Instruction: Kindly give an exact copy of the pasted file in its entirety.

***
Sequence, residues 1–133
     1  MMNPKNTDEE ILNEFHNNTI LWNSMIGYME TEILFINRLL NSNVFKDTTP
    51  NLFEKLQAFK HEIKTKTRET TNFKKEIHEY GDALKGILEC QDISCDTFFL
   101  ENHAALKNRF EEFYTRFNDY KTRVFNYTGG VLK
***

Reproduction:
Sequence, residues 1–133
     1  MMNPKNTDEE ILNEFHNNTI LWNSMIGYME TEILFINRLL NSNVFKDTTP
    51  NLFEKLQAFK HEIKTKTRET TNFKKEIHEY GDALKGILEC QDISCDTFFL
   101  ENHAALKNRF EEFYTRFNDY KTRVFNYTGG VLK